Zoom! How We Used Text Analytics To Quickly Compare Top Car Brands

By Natalie Haynes, Contributor

Online research is increasingly part of the consumer’s car purchase decision, and we’ve used Metametrix to highlight different values associated with 10 top car brands, based on online content. These values are derived from aggregating and filtering content that includes unstructured text data from brand websites, reviews from critics, reviews from customers, news articles, and blog posts.

Below is a side-by-side comparison of the top values associated with the top 10 car brands according to US News Best Car Brand Study released January 2019.

The values listed are in rank order for each brand in terms of how strongly the value is associated with the brand, based on a Metametrix search and analysis. Darker colors represent the most common values among the entire set of results, and lighter colors represent less common values.

Luxury and Exclusivity appear as important values for all ten brands (dark navy). Next steps for a marketer might be to delve into what Luxury means to each brand’s customer. Looking at descriptions of specific luxury cars reveals a distinct difference in what luxury can mean across brands and models. For example, some people are looking for sleek, some for comfort, and some for a tech-savvy car.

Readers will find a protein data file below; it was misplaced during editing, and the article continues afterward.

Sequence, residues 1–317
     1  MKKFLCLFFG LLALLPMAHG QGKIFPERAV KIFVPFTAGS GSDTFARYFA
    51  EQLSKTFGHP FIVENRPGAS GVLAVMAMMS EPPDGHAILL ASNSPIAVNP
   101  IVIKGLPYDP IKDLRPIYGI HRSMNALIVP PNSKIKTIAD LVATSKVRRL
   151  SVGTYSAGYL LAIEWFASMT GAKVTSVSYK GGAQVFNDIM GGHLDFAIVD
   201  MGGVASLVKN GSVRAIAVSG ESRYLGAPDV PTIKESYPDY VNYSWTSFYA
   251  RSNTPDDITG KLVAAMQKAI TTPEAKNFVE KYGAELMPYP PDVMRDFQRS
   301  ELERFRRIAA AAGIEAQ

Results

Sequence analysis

On the other end of the spectrum (lighter colors), the less common values really differentiate the brands, and they are generally very positive differentiations. Honda is associated with Freedom, Chevrolet with Thrill, Volkswagon with Community, Mini Cooper with Novelty, etc. These are all brand strengths, and a researcher could use Metametrix to dig into any of those further.

One example of digging further would be Chevrolet’s Thrill factor. If we search specifically on Chevrolet Thrill, we can see that Speed is a top topic, and if you click on any of these values in the Metametrix results, you can see the articles relating to that value.

In this example, it’s clear that the Chevrolet brand definitely has a thrill factor based on Camaro and Corvette models. The topics of convertibles and stunt driving are also mentioned here. A marketer for Chevrolet could play to that strength. None of the other top brands had thrill as a top value.

Since we’re talking about thrill, I will leave you with a video of professional driver Ken Block driving a Ford Fiesta at unbelievable racing speeds around San Francisco.

(For the curious, this shoot took four days and cost 1 million dollars paid to the city of San Francisco for shutting down all of these streets.)

If you look back at the chart of values above, Excellence, Power, Innovation, and Performance are all in the list for Ford. This video delivers on all of those and more. Thrill is missing from this list, so Ford has an opportunity to leverage Thrill in terms of perception.

What this means for business

Metametrix shows how brands are being portrayed and perceived relative to competitors. This is important for marketers who want to ensure that their messaging is being conveyed as intended and resonating with customers.